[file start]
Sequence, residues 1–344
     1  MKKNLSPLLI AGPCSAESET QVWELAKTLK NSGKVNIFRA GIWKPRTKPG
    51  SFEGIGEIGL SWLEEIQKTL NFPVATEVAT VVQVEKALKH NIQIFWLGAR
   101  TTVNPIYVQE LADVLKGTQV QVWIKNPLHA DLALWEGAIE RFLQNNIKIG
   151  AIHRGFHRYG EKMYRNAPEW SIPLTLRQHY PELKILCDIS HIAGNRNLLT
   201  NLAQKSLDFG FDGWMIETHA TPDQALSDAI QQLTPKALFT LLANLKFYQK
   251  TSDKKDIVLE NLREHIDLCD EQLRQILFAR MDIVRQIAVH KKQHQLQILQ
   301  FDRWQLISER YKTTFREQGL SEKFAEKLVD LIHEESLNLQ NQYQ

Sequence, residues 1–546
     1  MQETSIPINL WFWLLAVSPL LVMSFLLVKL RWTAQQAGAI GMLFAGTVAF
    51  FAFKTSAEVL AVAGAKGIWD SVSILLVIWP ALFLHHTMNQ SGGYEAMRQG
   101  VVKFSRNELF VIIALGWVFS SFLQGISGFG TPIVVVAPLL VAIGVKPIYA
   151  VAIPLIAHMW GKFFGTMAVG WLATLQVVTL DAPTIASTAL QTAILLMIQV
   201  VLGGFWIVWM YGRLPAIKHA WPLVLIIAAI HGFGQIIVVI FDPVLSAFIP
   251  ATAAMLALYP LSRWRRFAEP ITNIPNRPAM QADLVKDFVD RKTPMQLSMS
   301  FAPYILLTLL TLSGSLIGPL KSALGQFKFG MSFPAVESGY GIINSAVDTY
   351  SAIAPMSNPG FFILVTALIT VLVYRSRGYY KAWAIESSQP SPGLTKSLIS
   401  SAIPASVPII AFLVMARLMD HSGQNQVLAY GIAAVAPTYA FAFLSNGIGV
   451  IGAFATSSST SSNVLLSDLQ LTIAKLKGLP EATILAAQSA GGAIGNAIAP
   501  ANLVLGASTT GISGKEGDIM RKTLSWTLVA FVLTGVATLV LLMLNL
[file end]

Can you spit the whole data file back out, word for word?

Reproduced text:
Sequence, residues 1–344
     1  MKKNLSPLLI AGPCSAESET QVWELAKTLK NSGKVNIFRA GIWKPRTKPG
    51  SFEGIGEIGL SWLEEIQKTL NFPVATEVAT VVQVEKALKH NIQIFWLGAR
   101  TTVNPIYVQE LADVLKGTQV QVWIKNPLHA DLALWEGAIE RFLQNNIKIG
   151  AIHRGFHRYG EKMYRNAPEW SIPLTLRQHY PELKILCDIS HIAGNRNLLT
   201  NLAQKSLDFG FDGWMIETHA TPDQALSDAI QQLTPKALFT LLANLKFYQK
   251  TSDKKDIVLE NLREHIDLCD EQLRQILFAR MDIVRQIAVH KKQHQLQILQ
   301  FDRWQLISER YKTTFREQGL SEKFAEKLVD LIHEESLNLQ NQYQ

Sequence, residues 1–546
     1  MQETSIPINL WFWLLAVSPL LVMSFLLVKL RWTAQQAGAI GMLFAGTVAF
    51  FAFKTSAEVL AVAGAKGIWD SVSILLVIWP ALFLHHTMNQ SGGYEAMRQG
   101  VVKFSRNELF VIIALGWVFS SFLQGISGFG TPIVVVAPLL VAIGVKPIYA
   151  VAIPLIAHMW GKFFGTMAVG WLATLQVVTL DAPTIASTAL QTAILLMIQV
   201  VLGGFWIVWM YGRLPAIKHA WPLVLIIAAI HGFGQIIVVI FDPVLSAFIP
   251  ATAAMLALYP LSRWRRFAEP ITNIPNRPAM QADLVKDFVD RKTPMQLSMS
   301  FAPYILLTLL TLSGSLIGPL KSALGQFKFG MSFPAVESGY GIINSAVDTY
   351  SAIAPMSNPG FFILVTALIT VLVYRSRGYY KAWAIESSQP SPGLTKSLIS
   401  SAIPASVPII AFLVMARLMD HSGQNQVLAY GIAAVAPTYA FAFLSNGIGV
   451  IGAFATSSST SSNVLLSDLQ LTIAKLKGLP EATILAAQSA GGAIGNAIAP
   501  ANLVLGASTT GISGKEGDIM RKTLSWTLVA FVLTGVATLV LLMLNL